The current investigation is limited to the assessment of breaches of procedural rules. As the Commission’s October 2014 decision to clear Facebook/WhatsApp was based on a variety of factors going beyond the possibility of matching user accounts, the current investigation will not have an impact on that decision which remains effective. The current investigation is also unrelated to neighbouring privacy, data protection or consumer protection issues.

Facebook now has now until 31 January 2017 to respond to the Statement of Objections. If the Commission’s preliminary concerns in this case were confirmed, the Commission could, impose a fine of up to 1% of Facebook’s turnover (under Article 14(1) of the EU Merger Regulation).

Facebook/WhatsApp merger case 

In August 2014, Facebook notified the Commission its plans to acquire WhatsApp. On 3 October 2014, the Commission cleared the proposed acquisition of the consumer communications services provider WhatsApp by Facebook, active in social networking, consumer communications and online non-search advertising services.

The Commission assessed the impact of the transaction on markets for (i) consumer communications services; (ii) social networking services and (iii) online advertising services.

With respect to consumer communications services, the Commission found that Facebook Messenger and WhatsApp were not close competitors and that consumers would continue to have a wide choice of alternative consumer communications apps post-merger. Although consumer communications apps are characterised by network effects, the investigation showed that a number of factors mitigated the network effects in that case.

As regards social networking services the Commission concluded that, no matter what the precise boundaries of the market for social networking services are and whether or not WhatsApp is considered a social network,the companies are, if anything, distant competitors.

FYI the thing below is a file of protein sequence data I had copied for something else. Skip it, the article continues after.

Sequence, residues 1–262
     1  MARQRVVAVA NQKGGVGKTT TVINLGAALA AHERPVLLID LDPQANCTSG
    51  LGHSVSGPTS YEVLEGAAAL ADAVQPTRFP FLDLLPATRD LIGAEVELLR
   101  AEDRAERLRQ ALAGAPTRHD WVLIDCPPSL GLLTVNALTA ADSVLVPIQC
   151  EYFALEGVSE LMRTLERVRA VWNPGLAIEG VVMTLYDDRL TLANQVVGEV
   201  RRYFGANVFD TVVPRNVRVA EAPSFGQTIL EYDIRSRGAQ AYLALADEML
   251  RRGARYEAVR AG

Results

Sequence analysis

With respect to online advertising, the Commission concluded that, regardless of whether Facebook would introduce advertising on WhatsApp and/or start collecting WhatsApp user data for advertising purposes, the transaction raised no competition concerns. This is because, besides Facebook, a number of alternative providers would continue to offer targeted advertising after the transaction, and a large amount of internet user data that are valuable for advertising purposes are not within Facebook’s exclusive control.

Procedural Background

The sending a Statement of Objections does not prejudge the final outcome of the investigation.

A Statement of Objections is a formal step in an investigation by which the Commission informs the companies concerned, in writing, of the objections raised against them. The companies can then examine the documents in the Commission’s file, reply in writing and request an oral hearing to present their comments on the case to representatives of the Commission and the national competition authorities.

There is no legal deadline for the Commission to complete such inquiries. Their duration depends on a number of factors, including the complexity of the case, the extent to which the companies concerned co-operate with the Commission and the exercise of the rights of defence.